If a third-party candidate does get on the ballot and raises enough money, one major goal remains: getting into the presidential debates. The debate commission is heavily rigged toward the Democrats and Republicans. Its main criterion for accepting a third-party candidate is evidence of widespread support reflected in polls. There is a chicken-and-egg problem to gaining this legitimacy. The most successful third-party candidates are the ones who convince voters that they have a chance of winning—in other words, the ones who successfully rebut the two major candidates’ arguments that a vote for a third choice will be wasted. The debates—high-profile moments when all three candidates share the same stage—can create that credibility.
That litany of hardships was what any politician heard from advisers when contemplating a third-party run. No wonder so few of them took the plunge. But then came the Internet—and Howard Dean’s campaign.
The Dean campaign proved many things, but its most enduring legacy may be that it gave us a glimpse of the beginning of the end of the two-party system. First, he showed the next budding Ross Perot how to manage a 50-state ballot-access project easily and cost-efficiently. It is not widely understood, but candidates running in the presidential primaries of the two major parties also must qualify for the ballot of every state they want to contest. Dean was the only insurgent Democratic-primary candidate in history to qualify in all 50 states, a stunning organizational achievement. Using a ballot-access function of the campaign’s Website, Deaniacs in every state had downloadable petitions and details about the rules for their state. Goals were tracked in real time. “Both parties have set up nominating and ballot hurdles, so an insurgency can’t happen,” says Joe Trippi, Dean’s first campaign manager and now an evangelist for a third party. “We blew through that in 2003.”
The second hurdle—fund-raising—also has a technological solution. Dean proved a message candidate could work outside any established infrastructure and raise massive amounts of money. After Perot, the assumption was that only a self-financed candidate could mount a credible third-party challenge. Dean exploded that conventional wisdom.
Dean’s campaign not only suggested that the traditional obstacles to starting a third party are surmountable, but it also raised questions about the purpose of the two parties themselves. What assets, after all, do the Democratic and Republican parties bestow on a nominee? There was once a time when the parties served a policy role for the presidential candidate. The nominating convention was a time when delegates drew up a party platform for the candidate to run on. No more. Candidates routinely ignore the platform—in 1996, Bob Dole famously said he hadn’t read it—and run on their own issues.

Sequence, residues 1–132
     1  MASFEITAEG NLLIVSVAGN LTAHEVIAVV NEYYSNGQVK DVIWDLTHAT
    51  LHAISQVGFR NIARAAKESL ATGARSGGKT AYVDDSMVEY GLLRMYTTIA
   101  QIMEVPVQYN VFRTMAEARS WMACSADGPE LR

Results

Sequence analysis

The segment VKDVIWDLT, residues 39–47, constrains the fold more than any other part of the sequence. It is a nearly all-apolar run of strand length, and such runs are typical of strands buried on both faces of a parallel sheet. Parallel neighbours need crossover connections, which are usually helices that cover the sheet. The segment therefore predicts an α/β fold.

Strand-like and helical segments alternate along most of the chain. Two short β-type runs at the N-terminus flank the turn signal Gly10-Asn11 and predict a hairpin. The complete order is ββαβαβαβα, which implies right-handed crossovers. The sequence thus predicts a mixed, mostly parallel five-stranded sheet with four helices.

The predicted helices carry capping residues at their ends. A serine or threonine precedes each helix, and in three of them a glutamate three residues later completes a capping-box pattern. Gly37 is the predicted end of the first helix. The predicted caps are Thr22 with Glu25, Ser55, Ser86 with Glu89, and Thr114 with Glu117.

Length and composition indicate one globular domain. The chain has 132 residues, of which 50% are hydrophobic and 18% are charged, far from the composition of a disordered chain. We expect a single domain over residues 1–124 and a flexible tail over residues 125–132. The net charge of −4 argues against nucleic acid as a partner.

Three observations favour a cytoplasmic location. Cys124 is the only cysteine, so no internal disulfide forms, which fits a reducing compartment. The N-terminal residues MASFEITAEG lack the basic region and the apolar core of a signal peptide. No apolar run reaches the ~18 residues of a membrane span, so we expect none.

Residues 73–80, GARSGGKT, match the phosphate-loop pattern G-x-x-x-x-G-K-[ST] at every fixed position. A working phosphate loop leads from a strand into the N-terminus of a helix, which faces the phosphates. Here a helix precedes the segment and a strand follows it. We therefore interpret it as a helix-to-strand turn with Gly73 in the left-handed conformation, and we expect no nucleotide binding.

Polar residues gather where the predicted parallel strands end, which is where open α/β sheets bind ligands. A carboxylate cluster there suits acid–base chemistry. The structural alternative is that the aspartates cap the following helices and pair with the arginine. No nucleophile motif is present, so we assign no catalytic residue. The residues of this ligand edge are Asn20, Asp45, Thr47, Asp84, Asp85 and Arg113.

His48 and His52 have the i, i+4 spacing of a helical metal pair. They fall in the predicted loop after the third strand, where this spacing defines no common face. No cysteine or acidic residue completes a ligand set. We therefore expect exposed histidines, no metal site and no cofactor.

What’s left? The other assets parties offer are a fund-raising infrastructure (e-mail lists, donor databases) and an organizational infrastructure (county chairs, precinct captains, local volunteers). But the parties no longer have a monopoly on these two networks. A charismatic candidate can build his own alternative fund-raising base overnight and collect an army of volunteers in a matter of weeks. In fact, with the rise of political groups known as 527s, which raise money (often from billionaires like George Soros), run ads, and turn out voters, the parties have already gone a long way toward outsourcing their core activities. The only assets controlled by the two parties that can’t be reproduced by an entrepreneurial independent are their distinctive brands, the value of which is in steep decline.
“You have these two parties where lots of people aren’t happy with either one of them,” says Trippi. “You’ve got this way for all those people to connect together behind a candidate who is third-party or an independent. I think it’s inevitable that it’s going to happen. There’s no way we are going to be looking at a two-party system—or these two parties. My feeling is we’re sort of there already and it just takes one bold candidacy. Someone bolting one of the two major parties right now could make that party go the way of the Whigs.” Any takers?